"There stands out in my mind my first meeting with Dr. Inglis. The scene was dismal and depressing enough. It was an empty shop in an Edinburgh Street turned into a Suffrage committee-room during an election. Outside the rain drizzled; inside the meagre fire smoked; there was a general air of lifelessness over everything. I wondered, ignorant and uninitiated in organizing and election work, when something definite would happen. Giving away sodden handbills in the street did not seem a very vigorous or practical piece of work.

"Suddenly the doors swung open and Dr. Inglis came into that dull place, and with her there came the very feeling of movement, vitality, action. She had come to arrange speakers for the various schoolroom election meetings to be held that night. The list of meeting-places was arranged; then came the choice and disposal of the speakers. Without hesitation, Dr. Inglis grouped them; with just one look round at those present, and another, well into her own mind, at those not present who could be press-ganged! At last she turned to me and said, 'And you will speak with Miss X. at ——' I was horrified. 'But I must explain,' I said; 'I am quite "new." I don't speak at all. I have never spoken.' I can imagine a hundred people answering my very decided utterance in a hundred different ways. But I cannot imagine anyone but Dr. Inglis answering as she answered. There was just the jolliest, cheeriest laugh and, 'Oh, but you must speak.' That was all. And the remarkable thing was that, though I had sworn to myself that I would never utter a word in public without proper training, I did speak that night. It never occurred to me to refuse. Confidence begat confidence. It was during this time of work with Dr. Inglis that I began really to understand and appreciate that wonderful character.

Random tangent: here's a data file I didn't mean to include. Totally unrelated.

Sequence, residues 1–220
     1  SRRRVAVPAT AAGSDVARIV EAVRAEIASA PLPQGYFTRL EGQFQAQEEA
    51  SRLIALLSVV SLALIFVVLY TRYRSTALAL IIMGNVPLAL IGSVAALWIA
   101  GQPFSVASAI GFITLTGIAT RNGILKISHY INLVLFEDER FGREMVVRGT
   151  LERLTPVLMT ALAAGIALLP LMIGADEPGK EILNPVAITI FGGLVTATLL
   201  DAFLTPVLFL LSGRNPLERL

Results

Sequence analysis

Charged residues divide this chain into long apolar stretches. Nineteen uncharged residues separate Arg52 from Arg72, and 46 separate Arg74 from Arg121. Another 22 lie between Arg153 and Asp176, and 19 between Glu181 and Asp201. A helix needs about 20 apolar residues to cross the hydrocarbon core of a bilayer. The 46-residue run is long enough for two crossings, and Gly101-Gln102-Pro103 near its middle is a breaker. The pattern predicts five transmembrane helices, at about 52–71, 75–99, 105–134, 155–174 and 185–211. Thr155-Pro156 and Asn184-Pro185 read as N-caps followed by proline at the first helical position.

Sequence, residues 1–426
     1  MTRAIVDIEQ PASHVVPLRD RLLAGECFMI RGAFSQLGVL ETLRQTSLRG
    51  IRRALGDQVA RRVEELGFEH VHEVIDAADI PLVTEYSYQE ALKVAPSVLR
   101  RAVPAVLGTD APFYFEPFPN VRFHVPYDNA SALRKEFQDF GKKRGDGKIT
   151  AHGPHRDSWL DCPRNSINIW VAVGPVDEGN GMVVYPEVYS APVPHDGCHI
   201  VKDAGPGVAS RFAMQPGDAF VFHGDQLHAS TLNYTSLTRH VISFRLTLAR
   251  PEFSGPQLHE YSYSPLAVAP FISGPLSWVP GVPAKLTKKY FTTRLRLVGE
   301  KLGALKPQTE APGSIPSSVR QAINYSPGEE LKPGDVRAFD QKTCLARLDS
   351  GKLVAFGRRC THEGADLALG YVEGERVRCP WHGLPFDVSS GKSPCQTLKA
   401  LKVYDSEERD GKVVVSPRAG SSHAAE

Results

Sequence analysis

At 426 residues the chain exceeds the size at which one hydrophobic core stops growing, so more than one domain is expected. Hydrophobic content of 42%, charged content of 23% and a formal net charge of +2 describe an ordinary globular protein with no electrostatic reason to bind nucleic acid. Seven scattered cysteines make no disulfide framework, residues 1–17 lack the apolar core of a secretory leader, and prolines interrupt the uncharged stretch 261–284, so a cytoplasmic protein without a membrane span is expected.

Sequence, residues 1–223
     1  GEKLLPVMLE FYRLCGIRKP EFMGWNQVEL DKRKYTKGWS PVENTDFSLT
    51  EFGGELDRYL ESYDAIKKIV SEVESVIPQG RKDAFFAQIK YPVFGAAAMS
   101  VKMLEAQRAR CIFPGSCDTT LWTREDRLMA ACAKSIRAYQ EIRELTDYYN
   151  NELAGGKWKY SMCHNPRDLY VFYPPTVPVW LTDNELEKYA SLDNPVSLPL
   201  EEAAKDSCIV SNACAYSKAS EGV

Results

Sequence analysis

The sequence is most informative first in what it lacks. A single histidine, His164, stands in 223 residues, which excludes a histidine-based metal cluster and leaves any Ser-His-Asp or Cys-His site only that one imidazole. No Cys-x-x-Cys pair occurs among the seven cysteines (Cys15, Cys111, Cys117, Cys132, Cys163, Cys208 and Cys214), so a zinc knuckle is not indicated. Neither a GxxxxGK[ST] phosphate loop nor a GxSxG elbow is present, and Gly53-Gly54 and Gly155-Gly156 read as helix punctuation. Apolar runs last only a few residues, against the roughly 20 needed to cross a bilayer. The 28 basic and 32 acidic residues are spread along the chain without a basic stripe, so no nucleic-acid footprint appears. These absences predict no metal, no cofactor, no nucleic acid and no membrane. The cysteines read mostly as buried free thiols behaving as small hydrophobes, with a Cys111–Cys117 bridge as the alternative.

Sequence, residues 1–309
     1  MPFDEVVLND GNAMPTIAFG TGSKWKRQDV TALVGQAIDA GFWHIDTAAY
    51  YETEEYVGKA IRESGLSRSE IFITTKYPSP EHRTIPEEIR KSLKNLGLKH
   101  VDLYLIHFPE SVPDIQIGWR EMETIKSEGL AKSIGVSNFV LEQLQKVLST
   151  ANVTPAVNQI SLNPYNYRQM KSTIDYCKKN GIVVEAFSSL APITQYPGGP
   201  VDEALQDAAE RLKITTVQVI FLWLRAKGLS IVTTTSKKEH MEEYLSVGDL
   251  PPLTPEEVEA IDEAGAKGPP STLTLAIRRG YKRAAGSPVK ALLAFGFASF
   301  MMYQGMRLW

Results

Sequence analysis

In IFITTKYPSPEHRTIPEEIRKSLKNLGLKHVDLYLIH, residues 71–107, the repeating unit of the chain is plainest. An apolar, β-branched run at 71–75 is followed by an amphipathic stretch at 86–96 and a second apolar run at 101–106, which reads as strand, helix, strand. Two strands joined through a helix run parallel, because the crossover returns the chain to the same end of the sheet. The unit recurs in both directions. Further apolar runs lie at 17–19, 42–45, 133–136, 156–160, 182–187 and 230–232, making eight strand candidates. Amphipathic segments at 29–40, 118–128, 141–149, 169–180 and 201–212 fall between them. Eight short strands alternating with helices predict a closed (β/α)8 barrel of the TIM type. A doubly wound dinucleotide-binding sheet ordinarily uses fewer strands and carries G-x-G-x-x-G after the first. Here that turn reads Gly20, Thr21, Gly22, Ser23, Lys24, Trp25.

"Another incident runs into my memory, of desperate, agonizing days in Glasgow, when Suffrage was unpopular and the funds in our exchequer were very low. How well I remember writing to Dr. Inglis at the ridiculous hour of two in the morning, that we must get some money, and that I should get certain introductions and do a lecturing tour in New York and try to make Suffrage 'fashionable.' The answer came by return of post, and was deliciously typical. 'My dear, your idea is so absolutely mad that it must be thoroughly sane. Come and talk it over.'